How To Get Remote Access to Your Hotspot



How do you man­age your Hotspot if it’s at some­one else’s loca­tion? Whether there’s a for­mal “Host Agree­ment” or it’s your Aunt Sal­ly, hav­ing the abil­i­ty to remote in to your Hotspot’s dash­board and do any­thing from a quick check on the lat­est trans­ac­tions all the way to a reset or reboot, it’s nice to have that ability. 

I’ve been using to do this since I began putting Hotspots in remote loca­tions. Here’s how it works in broad strokes.

Every Hotspot is con­nect­ed to a router. Most routers in the home are actu­al­ly a com­bi­na­tion of modem and router, and are more or less locked; you can’t add new soft­ware like to them. What you CAN do is add anoth­er router that is more con­fig­urable, put on the extra router, and then cre­ate a con­nec­tion from that 2nd router to your Hotspot. It sounds com­pli­cat­ed, but it’s real­ly pret­ty easy. Let’s walk through how to do it.

Oh, before we do, you should know about the upfront costs and lim­i­ta­tions. The extra router is around $30 on Ama­zon. The ser­vice is free for up to 5 “devices” (aka Hotspots) and after that is $5/month for an unlim­it­ed amount of Hotspots. Until man­u­fac­tur­ers start includ­ing remote access to each Hotspot’s dash­board, this is a no-brain­er if you want to be able to con­nect to your Hotspot remote­ly. Final­ly, if your Hotspot does­n’t have a Dash­board, hav­ing remote access does­n’t mat­ter much.

Ok, let’s start with a dia­gram show­ing what it looks like. If we want­ed to be fan­cy, we could call this your net­work “topol­o­gy”. It’s basi­cal­ly a map of your home net­work, from modem to router to all the devices you might have con­nect­ed to the inter­net in your home. We’ll focus on the specifics of the Hotspot con­nec­tion here, but I’ve added a bunch of oth­er devices just so you get a feel for the big picture.

First you’ll have to order a Man­go. Like I said, ~$30 or so on Ama­zon. This’ll work with any router based on the Open­WRT Lin­ux dis­tri­b­u­tion, but for this tuto­r­i­al we’ll use the Mango.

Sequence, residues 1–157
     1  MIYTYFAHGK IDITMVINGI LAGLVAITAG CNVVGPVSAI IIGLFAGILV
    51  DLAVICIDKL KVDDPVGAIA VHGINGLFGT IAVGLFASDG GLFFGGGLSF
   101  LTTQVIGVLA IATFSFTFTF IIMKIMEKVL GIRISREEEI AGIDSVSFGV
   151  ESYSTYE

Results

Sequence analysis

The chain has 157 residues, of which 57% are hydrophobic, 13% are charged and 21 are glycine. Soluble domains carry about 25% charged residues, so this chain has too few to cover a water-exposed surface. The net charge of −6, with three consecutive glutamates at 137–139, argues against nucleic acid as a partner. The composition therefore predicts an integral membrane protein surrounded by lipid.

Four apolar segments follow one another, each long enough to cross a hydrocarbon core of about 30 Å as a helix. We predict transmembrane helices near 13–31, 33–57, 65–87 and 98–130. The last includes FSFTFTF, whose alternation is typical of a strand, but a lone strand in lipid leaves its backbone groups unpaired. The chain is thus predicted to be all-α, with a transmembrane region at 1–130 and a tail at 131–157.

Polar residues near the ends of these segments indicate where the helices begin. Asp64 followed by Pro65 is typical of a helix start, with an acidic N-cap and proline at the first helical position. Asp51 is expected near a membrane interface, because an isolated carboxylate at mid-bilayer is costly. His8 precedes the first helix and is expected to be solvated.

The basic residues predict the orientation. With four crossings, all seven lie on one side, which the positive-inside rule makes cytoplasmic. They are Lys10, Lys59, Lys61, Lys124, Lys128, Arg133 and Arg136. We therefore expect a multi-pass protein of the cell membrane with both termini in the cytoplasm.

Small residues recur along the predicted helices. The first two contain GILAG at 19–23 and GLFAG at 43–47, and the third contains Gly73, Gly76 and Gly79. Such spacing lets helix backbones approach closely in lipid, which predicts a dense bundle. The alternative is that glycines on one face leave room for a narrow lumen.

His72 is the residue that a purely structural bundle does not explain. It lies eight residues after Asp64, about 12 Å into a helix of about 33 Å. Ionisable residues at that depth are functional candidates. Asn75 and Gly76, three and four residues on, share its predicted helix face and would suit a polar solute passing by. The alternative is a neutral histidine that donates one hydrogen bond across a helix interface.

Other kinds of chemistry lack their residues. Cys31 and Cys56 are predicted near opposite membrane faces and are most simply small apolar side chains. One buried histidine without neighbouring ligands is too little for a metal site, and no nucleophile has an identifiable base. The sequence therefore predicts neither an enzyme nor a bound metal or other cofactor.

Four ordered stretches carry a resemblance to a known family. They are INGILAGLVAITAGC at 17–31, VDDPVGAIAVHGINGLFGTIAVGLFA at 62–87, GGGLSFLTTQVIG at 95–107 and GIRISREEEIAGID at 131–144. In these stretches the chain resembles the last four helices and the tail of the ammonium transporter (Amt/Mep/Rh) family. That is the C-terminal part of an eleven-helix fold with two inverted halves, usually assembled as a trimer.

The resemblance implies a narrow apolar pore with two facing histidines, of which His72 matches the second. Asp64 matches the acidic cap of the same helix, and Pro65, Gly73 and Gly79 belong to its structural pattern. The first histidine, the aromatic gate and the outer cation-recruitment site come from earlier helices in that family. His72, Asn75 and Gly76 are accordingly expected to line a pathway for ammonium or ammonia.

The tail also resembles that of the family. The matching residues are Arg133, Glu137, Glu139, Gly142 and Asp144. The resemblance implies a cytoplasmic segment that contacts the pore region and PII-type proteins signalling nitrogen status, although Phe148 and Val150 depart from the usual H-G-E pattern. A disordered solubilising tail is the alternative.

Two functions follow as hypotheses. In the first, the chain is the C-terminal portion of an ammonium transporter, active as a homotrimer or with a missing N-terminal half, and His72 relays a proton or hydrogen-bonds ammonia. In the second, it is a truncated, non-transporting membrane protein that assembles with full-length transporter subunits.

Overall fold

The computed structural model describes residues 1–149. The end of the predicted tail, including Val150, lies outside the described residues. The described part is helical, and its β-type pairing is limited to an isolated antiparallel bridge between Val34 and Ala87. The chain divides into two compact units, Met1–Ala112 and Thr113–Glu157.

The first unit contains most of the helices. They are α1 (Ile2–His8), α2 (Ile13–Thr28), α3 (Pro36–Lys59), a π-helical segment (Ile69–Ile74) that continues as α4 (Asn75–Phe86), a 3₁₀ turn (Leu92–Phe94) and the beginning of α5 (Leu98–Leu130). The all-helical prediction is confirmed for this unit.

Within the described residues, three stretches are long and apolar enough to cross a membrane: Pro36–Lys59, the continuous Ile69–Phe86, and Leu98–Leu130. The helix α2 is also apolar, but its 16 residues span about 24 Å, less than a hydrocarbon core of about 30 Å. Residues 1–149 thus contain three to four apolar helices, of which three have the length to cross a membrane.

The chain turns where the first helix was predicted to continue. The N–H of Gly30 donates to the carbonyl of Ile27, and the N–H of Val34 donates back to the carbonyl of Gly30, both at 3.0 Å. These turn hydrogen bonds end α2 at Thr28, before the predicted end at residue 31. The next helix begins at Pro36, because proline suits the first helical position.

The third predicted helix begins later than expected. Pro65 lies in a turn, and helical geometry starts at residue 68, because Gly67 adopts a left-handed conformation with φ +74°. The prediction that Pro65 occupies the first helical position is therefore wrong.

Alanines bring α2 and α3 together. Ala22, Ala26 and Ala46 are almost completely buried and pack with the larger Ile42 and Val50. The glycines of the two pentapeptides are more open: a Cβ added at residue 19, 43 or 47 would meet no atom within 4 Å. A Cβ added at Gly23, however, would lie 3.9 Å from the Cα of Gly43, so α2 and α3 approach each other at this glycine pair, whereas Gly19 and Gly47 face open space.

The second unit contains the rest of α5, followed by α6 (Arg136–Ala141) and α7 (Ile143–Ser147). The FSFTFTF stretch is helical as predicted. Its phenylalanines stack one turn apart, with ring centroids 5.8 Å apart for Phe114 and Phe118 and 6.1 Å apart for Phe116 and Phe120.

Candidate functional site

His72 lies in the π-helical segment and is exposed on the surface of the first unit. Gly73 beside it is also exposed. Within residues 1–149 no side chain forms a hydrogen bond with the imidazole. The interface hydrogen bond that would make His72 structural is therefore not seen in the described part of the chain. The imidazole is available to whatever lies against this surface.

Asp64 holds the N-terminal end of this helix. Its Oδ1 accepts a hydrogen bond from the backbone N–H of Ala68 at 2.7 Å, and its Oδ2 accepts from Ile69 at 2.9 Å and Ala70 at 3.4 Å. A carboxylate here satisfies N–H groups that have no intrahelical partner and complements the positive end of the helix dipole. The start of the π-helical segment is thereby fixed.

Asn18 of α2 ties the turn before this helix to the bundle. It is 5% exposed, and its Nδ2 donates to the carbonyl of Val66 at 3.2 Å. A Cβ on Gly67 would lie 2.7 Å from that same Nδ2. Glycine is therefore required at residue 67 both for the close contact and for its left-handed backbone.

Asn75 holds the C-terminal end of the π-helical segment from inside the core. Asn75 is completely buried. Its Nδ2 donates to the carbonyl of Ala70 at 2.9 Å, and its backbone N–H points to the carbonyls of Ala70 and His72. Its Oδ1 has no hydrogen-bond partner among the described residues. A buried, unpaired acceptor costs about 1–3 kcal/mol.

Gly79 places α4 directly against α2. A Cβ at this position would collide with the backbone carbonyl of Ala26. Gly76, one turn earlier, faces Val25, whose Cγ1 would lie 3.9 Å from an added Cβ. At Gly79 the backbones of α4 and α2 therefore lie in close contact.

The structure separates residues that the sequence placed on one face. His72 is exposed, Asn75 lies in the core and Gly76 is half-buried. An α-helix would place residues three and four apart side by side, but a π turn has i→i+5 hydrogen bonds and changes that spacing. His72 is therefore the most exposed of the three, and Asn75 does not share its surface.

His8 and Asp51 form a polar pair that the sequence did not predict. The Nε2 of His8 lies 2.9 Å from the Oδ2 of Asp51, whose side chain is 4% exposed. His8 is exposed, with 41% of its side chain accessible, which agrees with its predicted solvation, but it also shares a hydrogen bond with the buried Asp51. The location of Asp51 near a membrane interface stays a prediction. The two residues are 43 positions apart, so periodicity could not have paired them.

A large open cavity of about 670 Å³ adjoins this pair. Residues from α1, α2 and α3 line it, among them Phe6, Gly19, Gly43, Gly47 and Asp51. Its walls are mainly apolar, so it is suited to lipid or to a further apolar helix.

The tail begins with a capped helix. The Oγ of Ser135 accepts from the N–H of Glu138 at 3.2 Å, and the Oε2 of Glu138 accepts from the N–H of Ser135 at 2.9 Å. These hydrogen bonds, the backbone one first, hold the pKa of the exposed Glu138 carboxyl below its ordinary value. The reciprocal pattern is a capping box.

While you’re wait­ing for it to arrive, open up a account, which is free to open.

Once the Man­go arrives you’re ready to begin.

On, you’re going to gen­er­ate a “com­mand line install com­mand”. This sounds scary, but if you can click your mouse and fol­low direc­tions you’ll be fine. 🙂

Log in to your account.

Hit the blue plus but­ton to “Add A Device”, then choose “Lin­ux & Rasp­ber­ry Pi”.

That will bring up a code for you to copy. You can copy it now or come back to it lat­er, but leave this tab open. You’re going to need that com­mand (the thing start­ing with R3_REGISTRATION...etc) lat­er.

Over on the Man­go, plug in pow­er, then con­nect your Man­go to your router with an eth­er­net cable. Use the WAN port on the Man­go, and any LAN port on your router. 

Pow­er up the Man­go. It’ll start broad­cast­ing a WiFi net­work, which you’ll join using your computer.

  • Look for the Wi-Fi net­work on your com­put­er, it’ll be some­thing like “GL-MT200N-V2-xxx”.
  • Open a brows­er and go to That address should be on the back of the Man­go box, and the pass­word (which is prob­a­bly goodlife, should also be there. Sign in. I think it made me change my pass­word right away.
  • Open up the Ter­mi­nal app if you’re on a Mac, or for Win­dows, an “ssh client” like Put­ty (or what­ev­er you use for com­mand line).
  • In your com­mand line app, con­nect to the Man­go using this com­mand: ssh root@ Again, the default pass­word is goodlife if you haven’t changed it.
  • Now that you’re logged in to the Man­go com­mand line on Ter­mi­nal, take the com­mand you copied from the web­site (R3_Registration-blah-blah-blah), paste that into your com­mand line, then hit Enter. 
  • It’ll spit out a bunch of code. I always feel like a super secret hack­er when this hap­pens. You don’t need to do any­thing, just watch the Matrix work. :). It’s con­nect­ing your account to your Mango.